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Good Sunday Mornin'

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Well-known member
Sep 25, 2006
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Eastern Colorado
All across the ranchlands of America a lot of Cattlemen, like myself, are being "serenaded" by some unhappy calves and or their dams. Why do we treat our cattle so mean as to make them bawl? Sort of sad it would seem to the inexperienced. As cattlemen, we understand it is a necessary and beneficial part of their lives, even if they do find it uncomfortable. I wonder if the Lord doesn't expect some of our bawling about uncomfortable things that He knows will be to our benefit in the long haul? Bet He does. I also bet some of the things that would seem almost mean to us are just a necessary part of maturing as a Christian. Our God is so evident in every aspect of our lives, is He not? Have a good Sunday mornin' and a fine rest of the week, too.
I sold some calves and weaned the rest on Friday. When I got home from the sale well after dark there was a lot of bawling going on in the corral which was a good sign.

Next morning at daylight it was just too quiet. I went to check and only 2 calves left in the corral which had a very small hole broken through the old windbreak boards. The aroma of a black and white striped kitty lingered in the damp morning air. Kinda made me want to bawl too. :roll: :wink: :eek:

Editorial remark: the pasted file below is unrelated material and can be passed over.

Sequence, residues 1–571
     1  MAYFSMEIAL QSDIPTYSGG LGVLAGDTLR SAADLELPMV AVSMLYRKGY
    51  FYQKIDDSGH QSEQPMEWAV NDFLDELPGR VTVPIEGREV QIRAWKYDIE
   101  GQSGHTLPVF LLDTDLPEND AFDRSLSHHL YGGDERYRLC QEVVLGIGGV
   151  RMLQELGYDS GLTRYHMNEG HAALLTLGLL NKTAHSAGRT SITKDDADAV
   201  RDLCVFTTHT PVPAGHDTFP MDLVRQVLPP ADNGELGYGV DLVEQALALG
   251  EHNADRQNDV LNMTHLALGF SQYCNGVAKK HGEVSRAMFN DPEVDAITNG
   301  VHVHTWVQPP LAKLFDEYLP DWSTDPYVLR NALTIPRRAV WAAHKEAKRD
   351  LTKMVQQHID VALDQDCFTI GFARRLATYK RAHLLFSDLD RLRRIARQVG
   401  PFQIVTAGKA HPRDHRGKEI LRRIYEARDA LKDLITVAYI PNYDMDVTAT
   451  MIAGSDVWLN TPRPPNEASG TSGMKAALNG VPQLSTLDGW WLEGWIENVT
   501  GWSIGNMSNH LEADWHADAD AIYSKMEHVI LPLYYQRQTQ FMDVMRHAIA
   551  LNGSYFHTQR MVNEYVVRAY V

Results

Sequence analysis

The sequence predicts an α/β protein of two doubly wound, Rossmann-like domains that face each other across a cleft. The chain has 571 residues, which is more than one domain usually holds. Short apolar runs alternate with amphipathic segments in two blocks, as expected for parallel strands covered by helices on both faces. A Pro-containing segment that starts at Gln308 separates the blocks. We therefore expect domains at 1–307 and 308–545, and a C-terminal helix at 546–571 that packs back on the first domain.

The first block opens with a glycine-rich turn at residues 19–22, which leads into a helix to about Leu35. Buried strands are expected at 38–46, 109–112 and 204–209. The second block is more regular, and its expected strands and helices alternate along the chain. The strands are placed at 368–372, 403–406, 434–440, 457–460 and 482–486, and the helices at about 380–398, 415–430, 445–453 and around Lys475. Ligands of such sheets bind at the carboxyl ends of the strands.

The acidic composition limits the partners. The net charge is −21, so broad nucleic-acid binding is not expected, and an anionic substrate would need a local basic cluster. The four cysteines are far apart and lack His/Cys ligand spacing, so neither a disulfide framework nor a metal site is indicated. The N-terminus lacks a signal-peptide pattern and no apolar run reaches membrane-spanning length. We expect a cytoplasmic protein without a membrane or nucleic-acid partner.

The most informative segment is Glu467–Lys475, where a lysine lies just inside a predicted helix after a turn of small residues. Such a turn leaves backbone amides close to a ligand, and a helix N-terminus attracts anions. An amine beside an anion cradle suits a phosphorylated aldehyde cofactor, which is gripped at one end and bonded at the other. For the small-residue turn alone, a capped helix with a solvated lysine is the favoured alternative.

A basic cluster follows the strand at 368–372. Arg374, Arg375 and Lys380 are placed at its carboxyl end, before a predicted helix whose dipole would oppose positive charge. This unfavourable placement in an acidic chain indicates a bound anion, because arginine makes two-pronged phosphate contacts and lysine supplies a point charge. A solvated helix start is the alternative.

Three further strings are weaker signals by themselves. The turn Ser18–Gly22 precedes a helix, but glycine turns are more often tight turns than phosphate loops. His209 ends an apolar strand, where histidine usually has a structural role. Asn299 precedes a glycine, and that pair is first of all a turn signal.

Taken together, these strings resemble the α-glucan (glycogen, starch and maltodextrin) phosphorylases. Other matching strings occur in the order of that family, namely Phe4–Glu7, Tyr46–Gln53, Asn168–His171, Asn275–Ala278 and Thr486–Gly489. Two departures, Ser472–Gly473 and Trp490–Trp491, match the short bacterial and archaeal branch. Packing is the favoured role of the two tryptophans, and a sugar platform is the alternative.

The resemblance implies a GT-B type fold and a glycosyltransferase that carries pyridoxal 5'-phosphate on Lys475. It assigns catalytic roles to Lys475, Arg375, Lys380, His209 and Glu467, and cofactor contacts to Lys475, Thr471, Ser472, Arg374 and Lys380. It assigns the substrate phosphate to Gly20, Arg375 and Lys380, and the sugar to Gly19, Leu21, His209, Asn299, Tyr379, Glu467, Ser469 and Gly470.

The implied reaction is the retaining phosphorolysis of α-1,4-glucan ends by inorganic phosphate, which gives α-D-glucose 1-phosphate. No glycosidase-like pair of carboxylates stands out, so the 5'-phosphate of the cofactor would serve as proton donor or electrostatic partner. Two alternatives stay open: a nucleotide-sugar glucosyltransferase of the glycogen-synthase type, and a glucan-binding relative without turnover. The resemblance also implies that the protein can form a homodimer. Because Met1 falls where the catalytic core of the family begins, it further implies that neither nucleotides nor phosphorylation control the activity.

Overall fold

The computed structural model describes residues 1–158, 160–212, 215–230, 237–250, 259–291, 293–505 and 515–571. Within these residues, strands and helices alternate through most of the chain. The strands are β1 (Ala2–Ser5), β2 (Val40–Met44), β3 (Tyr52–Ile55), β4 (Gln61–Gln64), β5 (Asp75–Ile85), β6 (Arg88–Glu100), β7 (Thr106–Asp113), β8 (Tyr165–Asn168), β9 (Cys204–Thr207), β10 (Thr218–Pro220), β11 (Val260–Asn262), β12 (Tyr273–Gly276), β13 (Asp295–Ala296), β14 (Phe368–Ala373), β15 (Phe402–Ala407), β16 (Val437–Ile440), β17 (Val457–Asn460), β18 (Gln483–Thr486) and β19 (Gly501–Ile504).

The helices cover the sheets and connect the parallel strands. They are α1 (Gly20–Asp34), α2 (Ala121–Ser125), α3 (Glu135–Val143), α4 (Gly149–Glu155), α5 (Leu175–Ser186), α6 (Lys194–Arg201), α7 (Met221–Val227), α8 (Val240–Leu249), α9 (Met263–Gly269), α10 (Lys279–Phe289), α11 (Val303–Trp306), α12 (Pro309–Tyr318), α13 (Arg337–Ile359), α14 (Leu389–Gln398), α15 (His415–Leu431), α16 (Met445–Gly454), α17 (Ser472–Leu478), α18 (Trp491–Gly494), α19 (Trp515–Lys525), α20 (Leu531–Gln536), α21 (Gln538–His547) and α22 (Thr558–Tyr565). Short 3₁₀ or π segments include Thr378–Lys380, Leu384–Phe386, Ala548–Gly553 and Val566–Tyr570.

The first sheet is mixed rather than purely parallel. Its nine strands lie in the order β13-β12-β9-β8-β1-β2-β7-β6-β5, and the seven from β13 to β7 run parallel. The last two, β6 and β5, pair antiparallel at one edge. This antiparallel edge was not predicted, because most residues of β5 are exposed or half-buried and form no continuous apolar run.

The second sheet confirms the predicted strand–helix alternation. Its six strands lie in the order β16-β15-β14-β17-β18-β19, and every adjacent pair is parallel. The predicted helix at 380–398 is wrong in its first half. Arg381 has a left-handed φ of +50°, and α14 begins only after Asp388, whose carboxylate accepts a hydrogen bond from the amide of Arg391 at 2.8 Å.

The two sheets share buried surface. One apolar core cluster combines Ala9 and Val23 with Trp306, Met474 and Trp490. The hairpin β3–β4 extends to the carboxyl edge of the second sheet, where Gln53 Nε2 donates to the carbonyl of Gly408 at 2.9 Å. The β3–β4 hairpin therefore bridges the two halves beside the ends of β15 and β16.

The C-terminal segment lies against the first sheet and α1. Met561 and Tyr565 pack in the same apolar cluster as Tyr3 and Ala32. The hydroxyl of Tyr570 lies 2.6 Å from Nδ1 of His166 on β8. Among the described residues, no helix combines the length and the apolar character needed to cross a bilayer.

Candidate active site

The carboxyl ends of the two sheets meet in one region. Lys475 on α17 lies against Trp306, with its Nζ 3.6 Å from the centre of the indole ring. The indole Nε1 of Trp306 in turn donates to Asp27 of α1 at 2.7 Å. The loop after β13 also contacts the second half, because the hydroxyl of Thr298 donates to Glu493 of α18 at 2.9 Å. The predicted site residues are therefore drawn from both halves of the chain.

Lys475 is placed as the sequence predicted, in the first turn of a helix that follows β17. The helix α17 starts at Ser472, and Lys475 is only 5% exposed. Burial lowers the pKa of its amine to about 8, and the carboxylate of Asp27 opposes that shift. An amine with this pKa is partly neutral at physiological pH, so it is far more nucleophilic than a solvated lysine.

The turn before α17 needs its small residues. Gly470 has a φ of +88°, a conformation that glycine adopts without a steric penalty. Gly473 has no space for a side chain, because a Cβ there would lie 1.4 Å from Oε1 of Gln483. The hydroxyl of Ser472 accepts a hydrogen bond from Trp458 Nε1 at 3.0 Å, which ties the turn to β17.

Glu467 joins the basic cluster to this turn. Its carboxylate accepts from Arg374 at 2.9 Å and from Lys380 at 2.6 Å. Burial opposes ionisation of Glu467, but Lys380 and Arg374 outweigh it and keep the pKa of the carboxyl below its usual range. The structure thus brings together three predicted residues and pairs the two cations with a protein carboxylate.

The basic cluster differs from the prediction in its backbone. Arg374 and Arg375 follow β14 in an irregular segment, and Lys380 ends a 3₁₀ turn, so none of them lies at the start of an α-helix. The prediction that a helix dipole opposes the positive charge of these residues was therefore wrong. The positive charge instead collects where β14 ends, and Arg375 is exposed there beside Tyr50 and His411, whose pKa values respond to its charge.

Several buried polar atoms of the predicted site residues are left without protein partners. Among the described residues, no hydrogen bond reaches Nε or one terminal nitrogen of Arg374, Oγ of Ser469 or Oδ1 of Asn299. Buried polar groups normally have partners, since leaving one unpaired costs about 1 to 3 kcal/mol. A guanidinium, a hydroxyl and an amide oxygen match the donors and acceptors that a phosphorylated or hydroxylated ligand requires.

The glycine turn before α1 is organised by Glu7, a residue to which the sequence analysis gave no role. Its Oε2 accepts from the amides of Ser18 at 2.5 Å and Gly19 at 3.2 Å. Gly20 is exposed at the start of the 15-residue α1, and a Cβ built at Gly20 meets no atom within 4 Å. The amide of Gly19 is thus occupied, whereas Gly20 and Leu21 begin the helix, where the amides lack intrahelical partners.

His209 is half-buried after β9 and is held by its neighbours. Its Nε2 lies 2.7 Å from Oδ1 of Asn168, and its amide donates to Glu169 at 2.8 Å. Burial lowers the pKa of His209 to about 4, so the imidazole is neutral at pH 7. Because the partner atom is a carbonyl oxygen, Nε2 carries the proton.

The weather is still nice and I didn't want chores to do every day anyway. There will be a rematch betwen man and beast at a later date. 8)
Great message!

We are doing the pasture weaning system here, since five or six years back. It seems to ease the 'trauma' of separation when they can see each other, exchange 'news of the day', and even lick one another through the fence at the communal water tank in the fenceline. Soon, both parties realize the 'grass is better, maybe even greener' further from the fence, and spend very little time together, knowing they can return to the tank when they need to re-connect. Within a couple of weeks, the calves are ready to take on the responsibility of feeding themselves.

With the reassurance gained from our 'fenceline feeding' at church services, figuratively through 'drinking in' the message, and literally through communion, we can relate weaning to taking our faith 'outside' the church in our daily lives as we move about in our communities 'feeding ourselves' by sharing Gods' love for all of us with those whose lives we touch.

The best lesson I got at home was " when you graduate you're weaned ". That's been a good number of years ago, but I still remember the weather that day.
My folks say they felt guilty, but I learned I felt gifted by an upbringing that prepared me for my own life. Evidently I must have been fenceline weaned, because it wasn't very traumatic.

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